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Steaming Ahead | January 2024

One of the advantages that comes with being president of the MLA board is that I get to meet a lot of different people across many sectors of the fishing industry. This has given me the opportunity to learn how fishermen from different areas along our coast fish and how each is a little bit different. Often, I have to travel for meetings outside of Maine and get to meet folks from other fisheries and learn from them and their experiences.


National Fisherman Highliner Curt Brown of Ready Seafood receives his award at the Expo accompanied by his two children. PME photo.

Back in 2019 I had an opportunity to attend the Pacific Marine Expo (PME) in Seattle, Washington, which is a huge trade show and industry event. It’s similar to the Maine Fisherman’s Forum but much larger. It didn’t take long for me to realize after meeting a few West Coast fishermen that we all face very similar issues no matter what side of the country we are from. There are the usual things that always come up when you get talking, like the rising cost of doing business, the low dock prices, and loss of working waterfront. But two other things were disturbingly similar — threats from environmental organizations and from offshore wind development.


I learned so much and met so many interesting people on that first trip that I have gone back twice on my own dime as a sort of mini-vacation. This past November I went to the Expo again, along with Long Island lobsterman and MLA vice president Craig Stewart. We met so many fishermen — purse seiners, gillnetters, trollers, trawlers, and pot fisherman — and industry leaders while we were there.


The issues on the West Coast are still the same except for one thing — their fisheries are under attack from environmental groups. Like the MLA, the west coast fishing industry is fighting back and winning against the environmental groups and the federal government who are trying to push them out of business to save whales and build industrial wind farms.


They’ve been following MLA’s work to save the lobster fishery from the government’s over-regulation, which is supposed to protect whales, and its push to build offshore wind farms. We had so many people congratulating us on our huge court win against NMFS this summer and on our gains in pushing offshore wind leases outside Lobster Management Area 1. Every conversation ended with us talking about our common fight to save our fisheries and the need for fishing groups on both coasts to work together to share information and to influence federal actions.

One thing is certain: the Maine Lobstermen’s Association’s win in the D.C. Appeals Court is a very big deal and it has been noticed nationally. MLA’s win in court set a precedent in how the federal government must interpret the Endangered Species Act. NMFS can no longer assume the worst about how fishermen will impact a species, it must look at scenarios that are based in reality using real data.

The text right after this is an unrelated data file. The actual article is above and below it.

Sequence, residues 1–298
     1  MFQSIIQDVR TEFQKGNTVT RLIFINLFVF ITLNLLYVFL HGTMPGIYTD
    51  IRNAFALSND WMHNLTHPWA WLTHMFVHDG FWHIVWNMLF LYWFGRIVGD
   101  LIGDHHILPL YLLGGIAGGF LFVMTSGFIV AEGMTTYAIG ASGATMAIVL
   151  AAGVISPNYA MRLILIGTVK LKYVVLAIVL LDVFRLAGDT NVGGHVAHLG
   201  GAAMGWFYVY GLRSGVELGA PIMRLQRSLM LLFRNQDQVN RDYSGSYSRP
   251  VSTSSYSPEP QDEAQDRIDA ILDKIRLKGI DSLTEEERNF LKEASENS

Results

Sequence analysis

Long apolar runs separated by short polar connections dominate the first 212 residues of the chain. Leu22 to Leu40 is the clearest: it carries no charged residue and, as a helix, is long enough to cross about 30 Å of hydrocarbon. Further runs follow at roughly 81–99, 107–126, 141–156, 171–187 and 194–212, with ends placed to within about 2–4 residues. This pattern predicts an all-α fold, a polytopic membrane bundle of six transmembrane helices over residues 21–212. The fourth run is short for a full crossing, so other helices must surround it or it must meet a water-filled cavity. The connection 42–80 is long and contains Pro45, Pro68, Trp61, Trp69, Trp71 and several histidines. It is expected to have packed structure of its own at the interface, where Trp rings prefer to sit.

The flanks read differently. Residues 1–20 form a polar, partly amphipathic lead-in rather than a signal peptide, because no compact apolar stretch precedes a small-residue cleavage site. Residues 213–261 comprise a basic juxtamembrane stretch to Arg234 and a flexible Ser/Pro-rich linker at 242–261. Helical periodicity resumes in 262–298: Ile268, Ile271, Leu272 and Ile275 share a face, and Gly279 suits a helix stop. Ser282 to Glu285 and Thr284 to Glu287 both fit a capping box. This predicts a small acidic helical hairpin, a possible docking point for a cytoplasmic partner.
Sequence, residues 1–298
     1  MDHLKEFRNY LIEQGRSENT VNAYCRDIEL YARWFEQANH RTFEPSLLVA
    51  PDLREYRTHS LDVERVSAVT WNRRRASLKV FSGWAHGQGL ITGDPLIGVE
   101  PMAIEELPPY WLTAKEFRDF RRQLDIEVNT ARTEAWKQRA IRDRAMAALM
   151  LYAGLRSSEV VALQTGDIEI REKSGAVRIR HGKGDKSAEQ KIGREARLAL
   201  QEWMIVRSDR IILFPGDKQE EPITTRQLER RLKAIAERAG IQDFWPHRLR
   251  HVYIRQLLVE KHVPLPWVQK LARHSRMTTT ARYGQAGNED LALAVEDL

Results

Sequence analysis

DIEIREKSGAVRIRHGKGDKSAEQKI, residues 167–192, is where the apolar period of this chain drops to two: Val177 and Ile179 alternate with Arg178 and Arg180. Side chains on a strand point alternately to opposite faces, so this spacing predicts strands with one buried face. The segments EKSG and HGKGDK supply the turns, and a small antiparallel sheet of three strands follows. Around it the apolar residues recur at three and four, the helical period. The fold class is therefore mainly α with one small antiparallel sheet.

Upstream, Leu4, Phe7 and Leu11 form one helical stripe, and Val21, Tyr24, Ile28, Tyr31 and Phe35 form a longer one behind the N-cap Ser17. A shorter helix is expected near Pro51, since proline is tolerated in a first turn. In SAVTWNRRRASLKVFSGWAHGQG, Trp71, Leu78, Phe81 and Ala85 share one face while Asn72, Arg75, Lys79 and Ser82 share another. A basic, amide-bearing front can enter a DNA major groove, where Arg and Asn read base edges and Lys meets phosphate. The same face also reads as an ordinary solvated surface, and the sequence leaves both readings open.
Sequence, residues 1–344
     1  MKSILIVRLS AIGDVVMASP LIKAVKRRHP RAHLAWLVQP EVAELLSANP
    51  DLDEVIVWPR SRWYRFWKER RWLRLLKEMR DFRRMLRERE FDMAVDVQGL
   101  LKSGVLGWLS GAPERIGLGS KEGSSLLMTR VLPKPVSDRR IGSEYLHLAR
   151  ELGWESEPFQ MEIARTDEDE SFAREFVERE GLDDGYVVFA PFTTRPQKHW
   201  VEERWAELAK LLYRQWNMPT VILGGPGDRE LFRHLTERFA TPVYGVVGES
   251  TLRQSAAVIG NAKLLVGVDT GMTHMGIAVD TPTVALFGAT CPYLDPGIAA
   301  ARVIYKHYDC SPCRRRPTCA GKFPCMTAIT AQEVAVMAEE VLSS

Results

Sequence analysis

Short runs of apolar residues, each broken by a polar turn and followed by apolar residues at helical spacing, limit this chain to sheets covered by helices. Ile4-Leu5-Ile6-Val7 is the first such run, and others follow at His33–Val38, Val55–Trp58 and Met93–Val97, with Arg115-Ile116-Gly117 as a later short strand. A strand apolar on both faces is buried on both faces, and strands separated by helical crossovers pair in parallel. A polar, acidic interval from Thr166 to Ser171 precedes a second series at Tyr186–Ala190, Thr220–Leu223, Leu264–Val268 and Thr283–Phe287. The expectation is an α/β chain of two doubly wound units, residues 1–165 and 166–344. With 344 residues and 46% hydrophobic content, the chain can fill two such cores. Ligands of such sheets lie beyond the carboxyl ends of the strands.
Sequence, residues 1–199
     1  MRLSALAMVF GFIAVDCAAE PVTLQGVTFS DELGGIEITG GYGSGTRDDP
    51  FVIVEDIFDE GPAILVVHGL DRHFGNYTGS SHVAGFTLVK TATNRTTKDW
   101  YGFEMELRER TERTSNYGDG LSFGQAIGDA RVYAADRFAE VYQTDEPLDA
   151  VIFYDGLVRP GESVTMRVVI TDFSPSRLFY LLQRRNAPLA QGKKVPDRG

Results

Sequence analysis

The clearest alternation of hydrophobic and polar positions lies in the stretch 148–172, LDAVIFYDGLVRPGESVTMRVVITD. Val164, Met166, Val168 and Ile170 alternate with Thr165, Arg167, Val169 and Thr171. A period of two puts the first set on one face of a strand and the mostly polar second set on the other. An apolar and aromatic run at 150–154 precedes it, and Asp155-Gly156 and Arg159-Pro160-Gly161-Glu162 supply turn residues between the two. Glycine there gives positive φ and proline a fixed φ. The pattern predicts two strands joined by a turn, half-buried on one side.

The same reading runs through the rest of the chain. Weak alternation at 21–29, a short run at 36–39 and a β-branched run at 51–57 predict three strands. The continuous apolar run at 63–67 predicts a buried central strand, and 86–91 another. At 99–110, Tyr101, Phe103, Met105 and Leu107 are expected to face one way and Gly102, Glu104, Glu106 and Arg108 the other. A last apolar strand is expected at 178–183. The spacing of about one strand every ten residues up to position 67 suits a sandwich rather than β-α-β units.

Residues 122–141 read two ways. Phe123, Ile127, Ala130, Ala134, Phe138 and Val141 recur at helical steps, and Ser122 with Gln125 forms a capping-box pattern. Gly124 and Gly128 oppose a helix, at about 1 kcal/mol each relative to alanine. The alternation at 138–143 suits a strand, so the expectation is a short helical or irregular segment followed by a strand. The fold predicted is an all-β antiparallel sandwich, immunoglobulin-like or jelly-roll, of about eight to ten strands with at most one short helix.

The MLA has inspired other fisheries to not give up and keep fighting. The Alaskan trollers, a very sustainable hook and line salmon fishery, were under threat of being shut down because environmental groups sued NMFS and won, claiming the fishermen are catching a food source of an endangered Orca whale species. The trollers association fought back and won a “stay,” so they can fish while they pursue a legal challenge.


When you live in Maine, you don’t really think about how our fishery is seen by the rest of the country. Sure, everyone thinks “lobster” when they hear the word “Maine,” but on a day-to-day basis, who has the time to think about what our fishery or the MLA means outside of the state?


I’ll tell you.


Because the MLA stood up to NMFS when the agency said we had to reduce risk to endangered right whales by a ridiculous 98%, because we went on the offensive instead of always playing defense, because MLA members and businesses and towns and banks and individuals supported our legal challenge, we won this round. And we won big! Now the Maine lobster fishery stands as an inspiration to other fisheries for what can be accomplished when you stand up for what you believe in.


I can’t tell you how proud I am to be a Maine lobsterman and to serve in the leadership of an organization that took on the federal government — against all odds — and won.


As we start a new year, think about what the MLA has done, and know that it would not have been possible without the outpouring of support from you. You have given new life to the lobster fishery and have given inspiration and hope to the West Coast fishermen, their families, and communities. Not bad for a bunch of lobstermen!



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